From the introduction to a book of Irish short stories - intro written by Anthony Burgess
"One of [Freud's] followers split up human psychology into two categories - Irish and non-Irish. The Irish, like the Neopolitans, are not sure what truth is, and they have a system of logic which defies logic. They have something in common with Chekhov's Russians, and it is no accident that many of the stories here will seem Chekhovian. I was taking a bath in a Leningrad hotel when the floor concierge yelled that she had a cable for me. 'Put it under the door,' I cried. 'I can't,' she shouted. 'It's on a tray.' There is a deep logic, or epistemology, there which is far from absurd. The Irish and the Russians have one way of looking at entities (the entity in this instance was a cable-on-a-tray) and the rest of the world another."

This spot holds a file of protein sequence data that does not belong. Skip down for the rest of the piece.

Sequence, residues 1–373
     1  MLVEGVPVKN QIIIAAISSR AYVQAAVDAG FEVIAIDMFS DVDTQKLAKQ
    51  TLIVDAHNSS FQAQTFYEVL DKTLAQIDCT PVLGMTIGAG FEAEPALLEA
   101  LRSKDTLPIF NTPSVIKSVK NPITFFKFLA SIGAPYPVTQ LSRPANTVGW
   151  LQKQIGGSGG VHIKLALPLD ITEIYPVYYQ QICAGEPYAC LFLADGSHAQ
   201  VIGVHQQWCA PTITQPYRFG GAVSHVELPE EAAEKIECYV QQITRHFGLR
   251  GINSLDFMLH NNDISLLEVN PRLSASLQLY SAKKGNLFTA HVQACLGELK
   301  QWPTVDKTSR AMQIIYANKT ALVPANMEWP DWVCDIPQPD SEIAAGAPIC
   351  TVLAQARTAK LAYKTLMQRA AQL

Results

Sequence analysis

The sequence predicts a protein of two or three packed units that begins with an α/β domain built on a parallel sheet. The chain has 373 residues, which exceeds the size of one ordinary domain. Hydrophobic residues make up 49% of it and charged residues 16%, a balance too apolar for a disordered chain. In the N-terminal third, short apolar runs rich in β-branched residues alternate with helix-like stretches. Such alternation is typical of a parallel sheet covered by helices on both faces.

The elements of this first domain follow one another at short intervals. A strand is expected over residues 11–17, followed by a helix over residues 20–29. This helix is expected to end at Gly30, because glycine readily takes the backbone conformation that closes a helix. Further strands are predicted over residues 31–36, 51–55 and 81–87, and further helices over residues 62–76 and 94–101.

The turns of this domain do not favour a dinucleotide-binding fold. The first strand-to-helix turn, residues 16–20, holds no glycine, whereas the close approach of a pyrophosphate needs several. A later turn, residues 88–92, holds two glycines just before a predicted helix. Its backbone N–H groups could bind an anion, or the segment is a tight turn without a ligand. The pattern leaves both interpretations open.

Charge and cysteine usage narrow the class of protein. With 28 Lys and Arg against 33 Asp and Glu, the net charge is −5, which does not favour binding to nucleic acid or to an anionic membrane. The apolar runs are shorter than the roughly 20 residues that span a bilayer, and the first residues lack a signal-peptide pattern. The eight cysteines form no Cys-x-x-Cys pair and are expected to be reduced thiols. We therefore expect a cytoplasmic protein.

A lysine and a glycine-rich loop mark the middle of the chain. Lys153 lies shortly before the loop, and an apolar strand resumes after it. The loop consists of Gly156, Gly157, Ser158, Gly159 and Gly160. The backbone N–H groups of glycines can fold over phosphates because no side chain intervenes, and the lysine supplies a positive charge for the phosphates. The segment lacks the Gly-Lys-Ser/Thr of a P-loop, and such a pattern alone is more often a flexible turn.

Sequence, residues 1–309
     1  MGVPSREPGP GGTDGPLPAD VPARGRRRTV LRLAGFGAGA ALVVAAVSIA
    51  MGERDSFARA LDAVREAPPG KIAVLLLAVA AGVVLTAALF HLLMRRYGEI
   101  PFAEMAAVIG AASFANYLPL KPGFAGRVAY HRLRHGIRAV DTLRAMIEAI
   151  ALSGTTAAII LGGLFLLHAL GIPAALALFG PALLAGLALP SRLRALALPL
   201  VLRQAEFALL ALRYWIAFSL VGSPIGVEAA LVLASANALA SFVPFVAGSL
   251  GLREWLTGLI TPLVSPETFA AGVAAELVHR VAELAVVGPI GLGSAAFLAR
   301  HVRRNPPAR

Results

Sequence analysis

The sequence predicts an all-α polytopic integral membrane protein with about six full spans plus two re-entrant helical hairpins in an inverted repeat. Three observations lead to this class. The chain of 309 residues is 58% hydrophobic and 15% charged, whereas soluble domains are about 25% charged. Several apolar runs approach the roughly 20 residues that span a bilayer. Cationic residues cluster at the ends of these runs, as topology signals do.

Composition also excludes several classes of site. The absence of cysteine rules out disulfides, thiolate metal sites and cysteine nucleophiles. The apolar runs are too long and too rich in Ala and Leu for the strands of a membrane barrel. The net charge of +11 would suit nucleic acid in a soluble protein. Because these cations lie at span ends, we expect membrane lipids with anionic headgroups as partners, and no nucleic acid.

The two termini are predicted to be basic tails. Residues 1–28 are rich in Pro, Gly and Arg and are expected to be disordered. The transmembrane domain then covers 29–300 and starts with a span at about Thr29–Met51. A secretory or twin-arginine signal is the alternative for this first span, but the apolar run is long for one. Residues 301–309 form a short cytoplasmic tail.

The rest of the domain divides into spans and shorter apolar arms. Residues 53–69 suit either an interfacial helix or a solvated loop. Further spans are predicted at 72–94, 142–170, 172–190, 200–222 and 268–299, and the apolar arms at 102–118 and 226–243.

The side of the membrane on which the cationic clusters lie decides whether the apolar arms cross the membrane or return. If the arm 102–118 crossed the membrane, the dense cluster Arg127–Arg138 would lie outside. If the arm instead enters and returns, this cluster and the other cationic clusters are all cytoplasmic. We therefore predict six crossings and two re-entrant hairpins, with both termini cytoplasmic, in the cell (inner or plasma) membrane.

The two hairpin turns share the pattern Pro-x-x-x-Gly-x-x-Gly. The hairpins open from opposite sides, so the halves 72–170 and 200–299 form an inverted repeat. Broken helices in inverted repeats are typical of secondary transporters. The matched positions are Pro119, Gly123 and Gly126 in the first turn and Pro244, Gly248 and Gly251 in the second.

There is a sense that Freud had, too, that the Irish, when in psychic trouble, go to poetry, go to storytelling, go to escapism - they have no interest in picking apart their own brains.